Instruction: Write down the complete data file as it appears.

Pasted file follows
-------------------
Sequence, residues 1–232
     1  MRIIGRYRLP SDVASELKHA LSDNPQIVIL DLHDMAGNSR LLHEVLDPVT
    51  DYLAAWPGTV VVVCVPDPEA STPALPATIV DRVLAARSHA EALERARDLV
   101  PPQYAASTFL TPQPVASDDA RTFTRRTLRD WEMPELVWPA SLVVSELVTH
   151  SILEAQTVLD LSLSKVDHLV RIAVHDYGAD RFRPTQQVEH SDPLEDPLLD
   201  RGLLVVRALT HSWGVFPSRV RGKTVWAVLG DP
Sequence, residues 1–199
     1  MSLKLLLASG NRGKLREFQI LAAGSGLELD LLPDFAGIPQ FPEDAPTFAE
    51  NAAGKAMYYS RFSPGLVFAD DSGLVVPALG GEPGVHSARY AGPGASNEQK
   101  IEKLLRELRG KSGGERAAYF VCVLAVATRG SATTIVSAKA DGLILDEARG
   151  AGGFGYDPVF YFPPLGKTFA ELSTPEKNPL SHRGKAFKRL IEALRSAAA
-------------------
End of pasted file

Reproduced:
Sequence, residues 1–232
     1  MRIIGRYRLP SDVASELKHA LSDNPQIVIL DLHDMAGNSR LLHEVLDPVT
    51  DYLAAWPGTV VVVCVPDPEA STPALPATIV DRVLAARSHA EALERARDLV
   101  PPQYAASTFL TPQPVASDDA RTFTRRTLRD WEMPELVWPA SLVVSELVTH
   151  SILEAQTVLD LSLSKVDHLV RIAVHDYGAD RFRPTQQVEH SDPLEDPLLD
   201  RGLLVVRALT HSWGVFPSRV RGKTVWAVLG DP
Sequence, residues 1–199
     1  MSLKLLLASG NRGKLREFQI LAAGSGLELD LLPDFAGIPQ FPEDAPTFAE
    51  NAAGKAMYYS RFSPGLVFAD DSGLVVPALG GEPGVHSARY AGPGASNEQK
   101  IEKLLRELRG KSGGERAAYF VCVLAVATRG SATTIVSAKA DGLILDEARG
   151  AGGFGYDPVF YFPPLGKTFA ELSTPEKNPL SHRGKAFKRL IEALRSAAA